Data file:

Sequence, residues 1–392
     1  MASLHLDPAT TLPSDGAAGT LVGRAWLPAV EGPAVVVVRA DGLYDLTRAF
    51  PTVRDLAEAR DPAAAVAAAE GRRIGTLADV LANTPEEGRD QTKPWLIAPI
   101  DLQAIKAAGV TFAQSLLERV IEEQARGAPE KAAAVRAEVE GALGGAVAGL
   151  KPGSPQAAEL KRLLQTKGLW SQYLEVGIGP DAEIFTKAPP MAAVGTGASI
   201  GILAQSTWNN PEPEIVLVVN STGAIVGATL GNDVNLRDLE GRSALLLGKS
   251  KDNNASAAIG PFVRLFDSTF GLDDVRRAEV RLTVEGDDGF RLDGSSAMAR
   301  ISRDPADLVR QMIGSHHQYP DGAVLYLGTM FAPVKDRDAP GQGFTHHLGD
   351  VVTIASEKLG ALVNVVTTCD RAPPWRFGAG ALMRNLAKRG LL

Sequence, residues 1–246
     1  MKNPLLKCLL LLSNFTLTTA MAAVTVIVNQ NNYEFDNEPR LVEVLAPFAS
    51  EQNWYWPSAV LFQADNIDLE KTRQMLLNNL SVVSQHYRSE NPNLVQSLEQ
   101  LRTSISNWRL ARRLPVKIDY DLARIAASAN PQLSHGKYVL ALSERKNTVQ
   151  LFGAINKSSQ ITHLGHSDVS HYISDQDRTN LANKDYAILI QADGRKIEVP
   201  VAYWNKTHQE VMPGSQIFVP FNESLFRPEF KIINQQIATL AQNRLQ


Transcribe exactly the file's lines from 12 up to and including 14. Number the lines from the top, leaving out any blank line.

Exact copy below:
    51  EQNWYWPSAV LFQADNIDLE KTRQMLLNNL SVVSQHYRSE NPNLVQSLEQ
   101  LRTSISNWRL ARRLPVKIDY DLARIAASAN PQLSHGKYVL ALSERKNTVQ
   151  LFGAINKSSQ ITHLGHSDVS HYISDQDRTN LANKDYAILI QADGRKIEVP